Transmission of mushroom virus X and the impact of virus infection on the transcriptomes and proteomes of different strains of Agaricus bisporus
Mushroom virus X (MVX)
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CitationEoin O'Connor, Sean Doyle, Aniça Amini, Helen Grogan, David A. Fitzpatrick, Transmission of mushroom virus X and the impact of virus infection on the transcriptomes and proteomes of different strains of Agaricus bisporus, Fungal Biology, Volume 125, Issue 9, 2021, Pages 704-717, ISSN 1878-6146, https://doi.org/10.1016/j.funbio.2021.04.005.
AbstractCultivation of Agaricus bisporus is a large horticultural industry for many countries worldwide, where a single variety is almost grown exclusively. Mushroom virus X (MVX), a complex of multiple positive-sense single stranded RNA (ss(+)RNA) viruses, is a major pathogen of typical A. bisporus crops. MVX can manifest a variety of symptoms in crops and is highly infective and difficult to eradicate once established in host mycelium. Currently our knowledge regarding the molecular response of A. bisporus fruit bodies to MVX infection is limited. In order to study the response of different A. bisporus strains with different susceptibilities to MVX, we designed a model system to evaluate the in-vitro transmission of viruses in A. bisporus hyphae over a time-course, at two crucial phases in the crop cycle. The symptom expression of MVX in these varieties and the transcriptomic and proteomic response of fruit bodies to MVX-infection were examined. Transmission studies revealed the high potential of MVX to spread to uninfected mycelium yet not into the fruit bodies of certain strains in a crop. MVX affected colour and quality of multiple fruit bodies. Gene expression is significantly altered in all strains and between times of inoculation in the crop. Genes related to stress responses displayed differential expression. Proteomic responses revealed restriction of cellular signalling and vesicle transport in infected fruit bodies. This in-depth analysis examining many factors relevant to MVX infection in different A. bisporus strains, will provide key insights into host responses for this commercially important food crop.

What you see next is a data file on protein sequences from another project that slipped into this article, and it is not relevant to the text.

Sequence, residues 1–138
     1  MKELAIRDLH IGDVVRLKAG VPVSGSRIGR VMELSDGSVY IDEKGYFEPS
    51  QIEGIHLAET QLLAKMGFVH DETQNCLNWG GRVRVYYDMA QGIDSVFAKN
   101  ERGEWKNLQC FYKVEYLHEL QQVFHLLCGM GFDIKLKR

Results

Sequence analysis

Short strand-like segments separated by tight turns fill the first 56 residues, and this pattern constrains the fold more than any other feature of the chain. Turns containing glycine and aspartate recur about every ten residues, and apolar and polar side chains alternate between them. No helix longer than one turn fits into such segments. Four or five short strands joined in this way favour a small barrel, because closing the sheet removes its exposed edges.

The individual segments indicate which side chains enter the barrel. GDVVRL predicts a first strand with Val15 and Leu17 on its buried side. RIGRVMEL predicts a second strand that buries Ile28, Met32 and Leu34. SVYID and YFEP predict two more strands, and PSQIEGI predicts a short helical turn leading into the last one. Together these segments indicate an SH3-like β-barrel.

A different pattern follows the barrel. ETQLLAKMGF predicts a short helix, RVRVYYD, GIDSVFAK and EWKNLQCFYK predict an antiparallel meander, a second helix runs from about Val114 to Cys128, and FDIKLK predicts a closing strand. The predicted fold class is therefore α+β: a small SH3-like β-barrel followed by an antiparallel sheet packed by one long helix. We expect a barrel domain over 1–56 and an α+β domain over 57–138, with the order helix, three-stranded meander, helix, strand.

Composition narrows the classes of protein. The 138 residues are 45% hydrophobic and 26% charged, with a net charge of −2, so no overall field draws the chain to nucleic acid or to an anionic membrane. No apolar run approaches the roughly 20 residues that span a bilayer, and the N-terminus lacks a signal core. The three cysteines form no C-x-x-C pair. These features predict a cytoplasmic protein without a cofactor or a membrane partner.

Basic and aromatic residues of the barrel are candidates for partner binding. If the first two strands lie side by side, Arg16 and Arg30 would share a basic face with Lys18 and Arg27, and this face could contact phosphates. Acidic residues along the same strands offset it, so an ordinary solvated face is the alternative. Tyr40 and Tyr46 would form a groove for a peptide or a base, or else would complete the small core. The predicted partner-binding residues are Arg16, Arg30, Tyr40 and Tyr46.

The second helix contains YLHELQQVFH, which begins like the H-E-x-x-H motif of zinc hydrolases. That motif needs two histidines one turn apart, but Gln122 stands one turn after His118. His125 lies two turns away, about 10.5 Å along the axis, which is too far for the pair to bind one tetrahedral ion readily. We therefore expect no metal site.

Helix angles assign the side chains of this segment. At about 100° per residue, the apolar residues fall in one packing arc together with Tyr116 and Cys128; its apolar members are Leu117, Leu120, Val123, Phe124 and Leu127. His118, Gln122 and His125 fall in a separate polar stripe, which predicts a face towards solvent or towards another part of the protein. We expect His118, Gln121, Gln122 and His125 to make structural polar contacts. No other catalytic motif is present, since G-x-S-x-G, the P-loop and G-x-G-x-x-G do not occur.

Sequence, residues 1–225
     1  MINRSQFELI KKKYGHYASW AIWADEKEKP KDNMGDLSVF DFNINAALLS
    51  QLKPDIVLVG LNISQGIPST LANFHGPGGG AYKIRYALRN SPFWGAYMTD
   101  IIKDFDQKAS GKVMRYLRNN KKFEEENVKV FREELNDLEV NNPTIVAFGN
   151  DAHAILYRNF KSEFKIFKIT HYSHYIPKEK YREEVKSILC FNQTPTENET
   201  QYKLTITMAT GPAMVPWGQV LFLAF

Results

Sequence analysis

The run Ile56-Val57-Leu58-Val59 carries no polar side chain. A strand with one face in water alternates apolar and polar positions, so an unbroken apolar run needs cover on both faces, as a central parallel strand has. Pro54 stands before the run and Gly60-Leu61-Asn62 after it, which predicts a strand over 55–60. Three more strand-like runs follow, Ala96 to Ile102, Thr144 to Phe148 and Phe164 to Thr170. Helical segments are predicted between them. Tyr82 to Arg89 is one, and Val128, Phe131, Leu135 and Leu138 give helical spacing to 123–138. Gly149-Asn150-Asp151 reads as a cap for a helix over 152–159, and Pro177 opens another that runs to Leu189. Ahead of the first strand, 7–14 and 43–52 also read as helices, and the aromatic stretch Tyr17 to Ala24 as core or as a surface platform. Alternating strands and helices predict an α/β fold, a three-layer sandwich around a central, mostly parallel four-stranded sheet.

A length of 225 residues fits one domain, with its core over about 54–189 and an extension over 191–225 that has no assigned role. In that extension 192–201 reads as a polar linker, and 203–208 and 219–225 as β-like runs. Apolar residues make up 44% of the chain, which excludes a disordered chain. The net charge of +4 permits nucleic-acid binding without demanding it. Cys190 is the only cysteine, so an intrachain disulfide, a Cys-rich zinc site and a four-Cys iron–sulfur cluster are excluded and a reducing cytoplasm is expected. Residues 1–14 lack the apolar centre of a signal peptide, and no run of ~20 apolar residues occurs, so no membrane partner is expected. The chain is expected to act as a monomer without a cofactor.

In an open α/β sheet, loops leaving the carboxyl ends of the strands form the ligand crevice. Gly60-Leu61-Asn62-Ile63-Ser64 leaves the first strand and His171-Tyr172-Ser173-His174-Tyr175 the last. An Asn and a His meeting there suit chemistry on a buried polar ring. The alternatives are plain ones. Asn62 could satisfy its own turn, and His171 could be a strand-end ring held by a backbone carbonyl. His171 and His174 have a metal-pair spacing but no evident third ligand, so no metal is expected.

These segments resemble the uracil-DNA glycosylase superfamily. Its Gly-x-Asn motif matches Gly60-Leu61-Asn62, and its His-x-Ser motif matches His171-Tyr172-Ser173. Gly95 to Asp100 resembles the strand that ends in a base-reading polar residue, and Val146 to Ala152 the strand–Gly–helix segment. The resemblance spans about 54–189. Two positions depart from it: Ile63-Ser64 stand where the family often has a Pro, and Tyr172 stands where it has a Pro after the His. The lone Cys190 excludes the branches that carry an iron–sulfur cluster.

FunderTeagasc Walsh Scholarship; Science Foundation Ireland
Grant Number10564231; SFI 12/RI/2346(3)
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